If you own a 2010-2014 Ford Raptor, there are some things that are a given…
Rear wheel hop on hard acceleration is one of the horrible design flaws that can be easily solved with a flutter stack!
What is a flutter stack?
Let’s start with the shim stack. As you can see in this pic, the shock oil is forced by the shim stack (rebound shims in this illustration). So, as you might imagine, the size and thickness of these shims can radically effect the way your shock performs.
By replacing several of the large shims with a more flexible large shim or shims (depending on the stack) and adding in a smaller shim between the largest and next smallest shim, you create a “flutter stack”.
This more flexible large shim and much smaller second shim allows the large shim to open quicker, thus making the first 1″ or so of the shock softer and more able to absorb the small fast bumps. Originally designed to handle washboard roads better (and it works really well), we have also noticed that on the road (especially with the Raptors) it almost eliminates rear wheel hop and makes the front shocks much better at absorbing the small bumps on our rough roads.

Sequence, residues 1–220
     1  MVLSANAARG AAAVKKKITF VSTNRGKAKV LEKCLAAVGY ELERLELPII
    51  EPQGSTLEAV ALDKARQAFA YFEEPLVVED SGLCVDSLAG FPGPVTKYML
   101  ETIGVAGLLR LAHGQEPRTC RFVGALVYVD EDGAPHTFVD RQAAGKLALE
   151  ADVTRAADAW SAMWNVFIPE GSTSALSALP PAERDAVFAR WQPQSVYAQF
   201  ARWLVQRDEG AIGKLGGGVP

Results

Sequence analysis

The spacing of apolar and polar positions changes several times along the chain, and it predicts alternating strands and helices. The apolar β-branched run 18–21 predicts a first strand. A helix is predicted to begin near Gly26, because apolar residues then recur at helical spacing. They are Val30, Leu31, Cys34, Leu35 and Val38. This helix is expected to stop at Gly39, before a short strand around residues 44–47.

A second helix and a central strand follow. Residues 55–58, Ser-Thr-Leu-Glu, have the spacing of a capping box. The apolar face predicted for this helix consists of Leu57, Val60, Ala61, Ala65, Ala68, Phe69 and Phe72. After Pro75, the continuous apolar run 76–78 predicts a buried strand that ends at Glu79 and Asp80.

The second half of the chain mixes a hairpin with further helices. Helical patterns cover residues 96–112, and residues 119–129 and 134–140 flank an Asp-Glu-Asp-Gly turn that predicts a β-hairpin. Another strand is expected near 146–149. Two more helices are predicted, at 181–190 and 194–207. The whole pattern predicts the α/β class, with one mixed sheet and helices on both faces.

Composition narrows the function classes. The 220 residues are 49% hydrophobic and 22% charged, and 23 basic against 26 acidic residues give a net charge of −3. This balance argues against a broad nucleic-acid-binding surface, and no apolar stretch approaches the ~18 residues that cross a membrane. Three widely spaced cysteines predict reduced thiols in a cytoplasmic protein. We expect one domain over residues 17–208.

Depending on the vehicle and the performance desired, we have several versions of the flutter stack that we use. Every set of shocks we have installed flutter stacks in have improved performance on and off road!
Raptors are not the only vehicles that benefit from flutter stacks, however, the flutter stack is the least expensive upgrade you can do for your Raptor!